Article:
There is no human life, however prosperous to outward appearances, which has not got its secret cross. There may be those who seem exempt from it, because to human eyes they appear to have all that the world can give them, but it is not so. Saint Paul tells us that “every man shall bear his own burden.” Sooner or later it comes to all of us, in one shape or another. We are very apt to look around us. and to envy this person or the other for having blessings which we do not possess. If we could but read their hearts, we should learn to see that Our Heavenly Father is not unjust, treating one child with indulgence and another with harshness.
The Convert’s cross is necessarily a heavy one. They have stood at the cross-roads, and have had to make their choice between their conscience on the one side and all they held most dear in this world on the other. They have had to face the possibilities of estrangements, dissensions, contempt. At the best they have to face the burden of loneliness; the daily cross of being alone in their deepest and most sacred beliefs; the inability of opening out their hearts to those whom they love most dearly; the sadness of trying to bridge over the inevitable gulf which must arise between them and those who do not share their faith. How then are our burdens to be borne? There must above all be no trying to shift them, to lay them down. Our Lord says: “Take My yoke upon you and learn of Me.” We are then to accept our burdens for His sake. Who bore so much for us. We must walk in His footsteps, and try to follow Him on that painful “Way of the Cross.” We must learn to carry our cross patiently, without complaint, and when it appears to crush us we must do as He bids us, Who invites us to cast our burden on Him and He will sustain us.
“Holy Mary, Mother of God, pray for us sinners, that we may learn to bear our burdens patiently, now and at the hour of our death. Amen.”
“The Wages of sin is death.” — Romans 4:23
With Our Lord’s death on the Cross ended the great tragedy of His passion. He was crucified for our sins; He died that we might have life. It was our sins that nailed Him to that cruel Cross, that caused the blood to flow from those five most precious wounds, that made Him endure that agony until the bitter end.
There is not one of us who has not at some time or another of our lives crucified Our Lord. By anger; by neglect; by evil words; by forbidden actions; by want of love. The sacrifice on the Cross was offered for each one of us. We could never have attained pardon without it. When we think of His unspeakable love for us, we cannot commit sin. But we are apt to forget. There are times when He is far from us; when we think it will be time enough to remember Him later on; when we temporize with the Almighty. We forget that death may take us unawares, that we have been told that “nothing defiled can enter Heaven.” While we have the bitter consciousness of unforgiven sin in our soul, we cannot hope for eternal happiness. There is no man, however holy, who has not at one time or another committed grievous sin. His soul is stained by that sin, until the blood of Christ has washed that stain away; in other words, unless Our Lord, through His Church, has forgiven that sin, it remains in the soul. In instituting the Sacrament of Penance, He has given us the means of cleansing ourselves of our sins. ” Whosoever sins ye shall remit they are remitted.” Christ’s priests have received from Him the power of absolving us from our sins, and thereby cleansing our souls.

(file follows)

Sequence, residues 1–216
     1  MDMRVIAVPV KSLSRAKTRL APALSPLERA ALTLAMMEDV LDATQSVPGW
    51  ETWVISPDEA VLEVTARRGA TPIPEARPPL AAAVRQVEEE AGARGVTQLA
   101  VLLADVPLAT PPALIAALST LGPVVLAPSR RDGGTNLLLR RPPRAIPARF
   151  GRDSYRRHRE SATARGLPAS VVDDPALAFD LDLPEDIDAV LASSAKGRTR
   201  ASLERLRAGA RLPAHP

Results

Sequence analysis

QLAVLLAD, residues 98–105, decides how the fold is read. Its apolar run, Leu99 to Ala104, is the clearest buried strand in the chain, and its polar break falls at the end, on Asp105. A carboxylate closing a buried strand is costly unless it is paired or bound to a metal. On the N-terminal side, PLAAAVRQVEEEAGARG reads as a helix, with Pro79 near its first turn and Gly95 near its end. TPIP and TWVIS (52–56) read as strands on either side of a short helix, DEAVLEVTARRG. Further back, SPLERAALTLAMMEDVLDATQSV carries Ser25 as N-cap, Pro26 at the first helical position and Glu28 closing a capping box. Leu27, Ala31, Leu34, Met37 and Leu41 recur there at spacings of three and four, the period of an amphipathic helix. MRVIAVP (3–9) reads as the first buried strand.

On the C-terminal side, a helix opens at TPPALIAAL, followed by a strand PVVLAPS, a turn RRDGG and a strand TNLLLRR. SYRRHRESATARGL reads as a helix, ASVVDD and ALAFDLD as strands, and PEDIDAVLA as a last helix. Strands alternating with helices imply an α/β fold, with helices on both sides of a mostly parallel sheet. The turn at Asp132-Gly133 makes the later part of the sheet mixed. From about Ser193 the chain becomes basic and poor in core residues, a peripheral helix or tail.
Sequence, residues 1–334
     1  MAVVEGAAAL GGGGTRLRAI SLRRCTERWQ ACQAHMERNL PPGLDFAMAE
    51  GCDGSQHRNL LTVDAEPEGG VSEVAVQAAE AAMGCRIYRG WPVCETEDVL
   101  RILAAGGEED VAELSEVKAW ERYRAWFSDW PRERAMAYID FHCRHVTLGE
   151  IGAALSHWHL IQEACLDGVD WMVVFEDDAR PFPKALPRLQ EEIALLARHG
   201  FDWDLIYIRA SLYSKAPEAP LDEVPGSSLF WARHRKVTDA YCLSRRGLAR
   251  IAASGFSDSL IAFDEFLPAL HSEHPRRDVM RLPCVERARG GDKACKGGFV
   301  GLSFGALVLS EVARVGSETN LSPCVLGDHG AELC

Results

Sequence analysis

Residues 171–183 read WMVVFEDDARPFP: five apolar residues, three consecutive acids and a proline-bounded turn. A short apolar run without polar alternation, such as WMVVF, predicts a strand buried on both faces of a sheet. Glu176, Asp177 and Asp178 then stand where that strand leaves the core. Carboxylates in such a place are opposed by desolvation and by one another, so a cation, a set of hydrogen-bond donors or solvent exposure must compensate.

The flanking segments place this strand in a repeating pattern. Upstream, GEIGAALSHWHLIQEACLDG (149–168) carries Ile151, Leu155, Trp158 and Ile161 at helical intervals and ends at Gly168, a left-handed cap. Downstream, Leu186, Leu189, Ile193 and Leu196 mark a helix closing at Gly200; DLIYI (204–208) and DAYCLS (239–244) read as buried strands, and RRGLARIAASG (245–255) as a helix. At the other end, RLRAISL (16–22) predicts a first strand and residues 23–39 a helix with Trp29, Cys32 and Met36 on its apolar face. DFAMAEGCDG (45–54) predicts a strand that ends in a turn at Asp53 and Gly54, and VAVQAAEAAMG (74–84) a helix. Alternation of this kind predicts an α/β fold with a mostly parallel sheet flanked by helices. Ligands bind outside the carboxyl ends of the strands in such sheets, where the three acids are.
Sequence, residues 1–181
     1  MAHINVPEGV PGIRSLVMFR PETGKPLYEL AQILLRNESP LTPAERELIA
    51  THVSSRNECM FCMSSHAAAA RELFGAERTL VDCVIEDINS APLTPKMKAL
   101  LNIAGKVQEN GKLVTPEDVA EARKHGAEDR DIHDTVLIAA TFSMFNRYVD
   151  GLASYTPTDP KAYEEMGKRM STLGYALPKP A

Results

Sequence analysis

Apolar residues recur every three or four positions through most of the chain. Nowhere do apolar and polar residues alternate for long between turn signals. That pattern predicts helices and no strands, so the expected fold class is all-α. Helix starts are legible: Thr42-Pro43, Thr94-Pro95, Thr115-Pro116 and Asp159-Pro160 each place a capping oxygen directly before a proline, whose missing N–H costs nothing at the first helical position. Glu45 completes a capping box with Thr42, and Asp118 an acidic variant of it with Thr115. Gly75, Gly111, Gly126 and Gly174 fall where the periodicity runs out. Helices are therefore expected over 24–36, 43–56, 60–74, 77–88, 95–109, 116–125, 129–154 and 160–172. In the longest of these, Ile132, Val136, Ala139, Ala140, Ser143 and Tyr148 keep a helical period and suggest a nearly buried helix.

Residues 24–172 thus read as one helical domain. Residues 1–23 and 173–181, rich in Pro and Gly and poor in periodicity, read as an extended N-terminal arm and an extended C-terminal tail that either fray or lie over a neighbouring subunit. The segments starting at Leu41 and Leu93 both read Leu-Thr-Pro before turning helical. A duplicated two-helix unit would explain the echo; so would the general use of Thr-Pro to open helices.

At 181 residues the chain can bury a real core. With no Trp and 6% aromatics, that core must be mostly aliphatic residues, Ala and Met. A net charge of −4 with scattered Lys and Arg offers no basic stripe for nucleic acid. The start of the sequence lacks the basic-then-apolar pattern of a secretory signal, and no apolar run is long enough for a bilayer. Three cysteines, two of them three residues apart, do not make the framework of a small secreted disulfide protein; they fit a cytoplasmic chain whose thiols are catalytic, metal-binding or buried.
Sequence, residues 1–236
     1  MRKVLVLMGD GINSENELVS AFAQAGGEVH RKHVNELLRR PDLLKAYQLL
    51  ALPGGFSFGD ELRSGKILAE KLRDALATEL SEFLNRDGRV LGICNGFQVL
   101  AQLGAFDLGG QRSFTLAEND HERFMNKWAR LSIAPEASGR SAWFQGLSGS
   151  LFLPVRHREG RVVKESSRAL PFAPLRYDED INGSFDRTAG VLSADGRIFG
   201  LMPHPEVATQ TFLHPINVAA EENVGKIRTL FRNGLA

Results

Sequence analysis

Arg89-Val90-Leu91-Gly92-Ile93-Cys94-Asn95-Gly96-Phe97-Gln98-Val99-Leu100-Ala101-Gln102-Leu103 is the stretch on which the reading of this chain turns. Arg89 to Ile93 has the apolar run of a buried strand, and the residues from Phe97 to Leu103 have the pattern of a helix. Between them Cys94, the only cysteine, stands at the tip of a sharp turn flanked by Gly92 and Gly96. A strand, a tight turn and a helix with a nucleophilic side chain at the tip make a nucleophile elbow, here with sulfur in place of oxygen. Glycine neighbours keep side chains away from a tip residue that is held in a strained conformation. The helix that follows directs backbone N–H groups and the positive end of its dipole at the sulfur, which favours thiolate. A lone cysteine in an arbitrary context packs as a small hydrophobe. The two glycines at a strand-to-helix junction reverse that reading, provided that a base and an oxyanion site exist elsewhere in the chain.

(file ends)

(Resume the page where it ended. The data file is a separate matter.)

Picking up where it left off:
Converts soon learn to realize the blessed comfort and lightness of heart which follows on receiving the priest’s absolution. It enables us to put aside the past and to begin afresh. Each visit to the confessional is a stepping-stone to heaven. The advice received there, the encouragement which is never sought in vain, keeps up our courage and assists us in the daily battle against sin. Still, we must perpetually bear in mind that every fresh sin lessens our chances of eternal happiness. “The wages of sin is death.” Terrible indeed must be the remorse and despair of that man who sees death approaching, and has failed to cleanse his soul from its sins; who is going forth to meet his God, and dare no longer hope in His mercy! To such a one, death is death indeed, for to him this life’s joys are over, and when the moment comes for him to stand before his Judge, he may expect to hear those dread words: “Depart from Me, ye accursed, into everlasting fire.” He will be shut out from the blessed union with God in all eternity, and will have received in very truth the wages of sin.